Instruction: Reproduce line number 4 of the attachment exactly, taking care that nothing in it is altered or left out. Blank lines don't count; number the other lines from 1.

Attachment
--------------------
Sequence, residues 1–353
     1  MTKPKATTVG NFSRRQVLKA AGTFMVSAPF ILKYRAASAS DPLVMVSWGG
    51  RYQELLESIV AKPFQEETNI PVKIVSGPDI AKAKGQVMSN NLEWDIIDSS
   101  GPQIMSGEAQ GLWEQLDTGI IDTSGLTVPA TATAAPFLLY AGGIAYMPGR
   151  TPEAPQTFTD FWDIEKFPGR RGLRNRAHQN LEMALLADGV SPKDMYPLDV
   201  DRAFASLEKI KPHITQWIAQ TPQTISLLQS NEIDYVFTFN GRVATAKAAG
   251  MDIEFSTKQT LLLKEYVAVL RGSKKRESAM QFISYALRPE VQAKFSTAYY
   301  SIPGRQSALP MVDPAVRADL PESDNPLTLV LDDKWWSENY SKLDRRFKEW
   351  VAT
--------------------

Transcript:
   101  GPQIMSGEAQ GLWEQLDTGI IDTSGLTVPA TATAAPFLLY AGGIAYMPGR